The First Email
"A neat idea."
Early Mail Programs
Ray Tomlinson, a Principal Scientist at Raytheon BBN Technologies, sent the first network email in 1971. Tomlinson had already written a mail program for TENEX that, by this time, was running on most machines on the ARPANET. The early mail program consisted of two parts; a program called SNDMSG for sending messages and another program called READMAIL for receiving messages. SNDMSG allowed a user to compose, address, and send a message to other users' mailboxes. However, in the early 70s, a mailbox was simply a file with a particular name. The only way that it differed from a regular file was that other users could only add to the file--they could not read or overwrite what was already there. Like other mail programs at the time, SNDMSG/READMAIL was created for time sharing systems and capable only of handling messages among the various users of individual machines, but it could not transmit messages from one machine to another.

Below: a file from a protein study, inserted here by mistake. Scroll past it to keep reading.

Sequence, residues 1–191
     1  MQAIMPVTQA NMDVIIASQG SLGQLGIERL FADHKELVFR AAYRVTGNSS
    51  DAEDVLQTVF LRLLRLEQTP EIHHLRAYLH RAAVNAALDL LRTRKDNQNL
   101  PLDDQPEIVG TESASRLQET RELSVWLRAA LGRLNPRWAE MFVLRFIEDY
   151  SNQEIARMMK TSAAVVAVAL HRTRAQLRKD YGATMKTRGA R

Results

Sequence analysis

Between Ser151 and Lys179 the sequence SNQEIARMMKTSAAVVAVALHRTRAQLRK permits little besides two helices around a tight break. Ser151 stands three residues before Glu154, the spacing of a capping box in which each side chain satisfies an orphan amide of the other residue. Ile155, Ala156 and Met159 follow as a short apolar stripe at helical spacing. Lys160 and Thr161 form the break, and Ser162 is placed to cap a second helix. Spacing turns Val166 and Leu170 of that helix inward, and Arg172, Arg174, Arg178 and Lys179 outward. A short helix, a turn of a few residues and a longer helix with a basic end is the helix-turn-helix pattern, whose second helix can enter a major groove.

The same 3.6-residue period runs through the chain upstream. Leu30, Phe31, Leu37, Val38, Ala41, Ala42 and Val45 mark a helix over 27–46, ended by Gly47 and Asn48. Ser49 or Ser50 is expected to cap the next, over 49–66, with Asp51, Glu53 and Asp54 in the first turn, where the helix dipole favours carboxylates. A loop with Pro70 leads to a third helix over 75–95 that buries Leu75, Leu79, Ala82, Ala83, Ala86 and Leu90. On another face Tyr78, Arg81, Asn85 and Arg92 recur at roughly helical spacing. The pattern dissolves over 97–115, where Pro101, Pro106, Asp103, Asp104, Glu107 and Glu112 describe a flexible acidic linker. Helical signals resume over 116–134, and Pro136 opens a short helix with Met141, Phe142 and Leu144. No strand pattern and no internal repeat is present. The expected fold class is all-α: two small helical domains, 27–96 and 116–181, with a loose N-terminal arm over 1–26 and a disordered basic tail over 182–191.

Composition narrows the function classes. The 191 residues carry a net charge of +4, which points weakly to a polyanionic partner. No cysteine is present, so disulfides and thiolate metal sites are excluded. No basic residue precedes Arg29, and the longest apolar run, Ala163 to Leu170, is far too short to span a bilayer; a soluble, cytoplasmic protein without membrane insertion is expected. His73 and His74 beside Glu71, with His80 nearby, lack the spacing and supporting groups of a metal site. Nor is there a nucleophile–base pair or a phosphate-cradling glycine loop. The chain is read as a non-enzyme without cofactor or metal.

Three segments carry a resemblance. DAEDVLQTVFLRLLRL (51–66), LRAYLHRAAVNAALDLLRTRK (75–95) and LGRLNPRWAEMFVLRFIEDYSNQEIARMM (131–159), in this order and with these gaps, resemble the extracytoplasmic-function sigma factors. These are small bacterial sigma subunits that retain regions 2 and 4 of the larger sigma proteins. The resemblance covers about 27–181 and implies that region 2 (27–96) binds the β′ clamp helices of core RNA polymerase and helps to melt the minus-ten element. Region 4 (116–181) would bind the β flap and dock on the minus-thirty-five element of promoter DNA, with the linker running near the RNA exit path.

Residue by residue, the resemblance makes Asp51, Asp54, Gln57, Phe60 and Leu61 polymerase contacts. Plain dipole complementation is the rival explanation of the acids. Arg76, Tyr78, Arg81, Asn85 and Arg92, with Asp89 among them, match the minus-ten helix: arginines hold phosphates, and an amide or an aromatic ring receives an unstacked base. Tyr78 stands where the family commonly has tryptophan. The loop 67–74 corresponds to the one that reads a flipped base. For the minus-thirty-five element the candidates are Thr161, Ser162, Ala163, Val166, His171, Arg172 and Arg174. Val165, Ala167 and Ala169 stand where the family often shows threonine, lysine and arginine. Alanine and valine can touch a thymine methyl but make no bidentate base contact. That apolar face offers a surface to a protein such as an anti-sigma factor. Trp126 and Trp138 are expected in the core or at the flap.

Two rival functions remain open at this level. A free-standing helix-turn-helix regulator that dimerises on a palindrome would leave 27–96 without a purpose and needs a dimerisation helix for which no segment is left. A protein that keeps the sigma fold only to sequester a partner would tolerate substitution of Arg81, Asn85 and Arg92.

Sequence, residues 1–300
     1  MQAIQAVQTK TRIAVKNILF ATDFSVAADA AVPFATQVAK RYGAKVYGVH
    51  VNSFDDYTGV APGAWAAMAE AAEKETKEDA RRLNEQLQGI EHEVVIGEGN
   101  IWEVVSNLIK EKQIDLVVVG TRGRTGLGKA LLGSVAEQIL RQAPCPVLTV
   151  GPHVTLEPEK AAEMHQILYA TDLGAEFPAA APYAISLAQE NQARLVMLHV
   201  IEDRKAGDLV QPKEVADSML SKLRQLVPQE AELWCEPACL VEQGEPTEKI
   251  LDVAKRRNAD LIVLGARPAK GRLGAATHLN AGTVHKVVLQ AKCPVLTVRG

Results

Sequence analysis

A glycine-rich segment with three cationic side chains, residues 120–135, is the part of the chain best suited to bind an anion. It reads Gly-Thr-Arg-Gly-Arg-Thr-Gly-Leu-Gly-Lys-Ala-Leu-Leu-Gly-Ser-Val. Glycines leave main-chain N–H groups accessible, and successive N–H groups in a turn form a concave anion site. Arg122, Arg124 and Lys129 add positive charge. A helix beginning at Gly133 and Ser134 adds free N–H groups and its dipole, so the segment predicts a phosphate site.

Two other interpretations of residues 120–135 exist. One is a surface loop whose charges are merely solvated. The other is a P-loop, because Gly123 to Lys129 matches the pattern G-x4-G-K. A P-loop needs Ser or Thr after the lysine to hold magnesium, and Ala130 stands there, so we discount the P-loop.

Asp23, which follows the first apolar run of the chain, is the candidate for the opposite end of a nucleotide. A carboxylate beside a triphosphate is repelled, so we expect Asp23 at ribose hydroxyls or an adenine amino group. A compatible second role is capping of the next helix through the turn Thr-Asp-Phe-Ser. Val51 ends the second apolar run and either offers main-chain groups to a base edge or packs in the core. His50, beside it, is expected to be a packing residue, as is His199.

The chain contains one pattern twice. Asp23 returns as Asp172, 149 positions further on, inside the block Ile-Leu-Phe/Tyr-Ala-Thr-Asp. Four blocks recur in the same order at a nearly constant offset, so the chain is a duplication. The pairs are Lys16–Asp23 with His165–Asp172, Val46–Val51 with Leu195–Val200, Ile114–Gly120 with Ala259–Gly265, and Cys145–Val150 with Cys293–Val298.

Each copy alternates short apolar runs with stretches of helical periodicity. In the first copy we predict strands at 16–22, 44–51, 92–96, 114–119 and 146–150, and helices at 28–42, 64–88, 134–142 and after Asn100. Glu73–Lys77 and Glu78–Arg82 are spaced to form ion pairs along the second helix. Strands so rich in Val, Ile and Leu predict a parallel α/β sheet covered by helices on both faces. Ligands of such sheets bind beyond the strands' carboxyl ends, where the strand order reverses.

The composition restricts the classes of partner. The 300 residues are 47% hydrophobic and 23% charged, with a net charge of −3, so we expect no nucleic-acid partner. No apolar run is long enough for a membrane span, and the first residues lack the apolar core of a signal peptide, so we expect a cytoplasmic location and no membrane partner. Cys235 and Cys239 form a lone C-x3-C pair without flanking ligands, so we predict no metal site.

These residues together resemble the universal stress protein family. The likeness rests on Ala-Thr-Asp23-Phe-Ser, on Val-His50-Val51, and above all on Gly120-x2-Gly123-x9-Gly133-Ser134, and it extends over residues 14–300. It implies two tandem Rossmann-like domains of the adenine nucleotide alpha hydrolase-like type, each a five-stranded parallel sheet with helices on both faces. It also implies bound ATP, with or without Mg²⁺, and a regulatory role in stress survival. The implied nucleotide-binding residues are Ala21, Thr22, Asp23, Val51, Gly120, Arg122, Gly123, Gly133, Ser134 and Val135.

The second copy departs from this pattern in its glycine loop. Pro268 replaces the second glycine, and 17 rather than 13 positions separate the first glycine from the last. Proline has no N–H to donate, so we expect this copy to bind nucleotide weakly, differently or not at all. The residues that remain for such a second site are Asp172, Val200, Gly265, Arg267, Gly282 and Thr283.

Tomlinson had also worked on an experimental file transfer protocol called CPYNET. CPYNET could send and receive files to computers through a network connection, but did not allow users to add any information to the files as SNDMSG did. An inveterate experimenter and tinker, Tomlinson decided to try a minor hack: combining the two programs to send messages from one machine to another.
In late 1971, Tomlinson sent the first message between two machines that were side-by-side in his Cambridge, MA lab. He sent messages back and forth from one machine to the other until he was satisfied that the program worked. The first email message he sent out of the lab was to the rest of his group announcing the existence of network email and explaining how to use it, including the use of the @ sign to separate the user's name from the host computer name. Now there was nothing to prevent the sending of messages out to the wider network.
Tomlinson says he invented email, "Mostly because it seemed like a neat idea." No one was asking for email. Tomlinson recognized a possibility and made it real.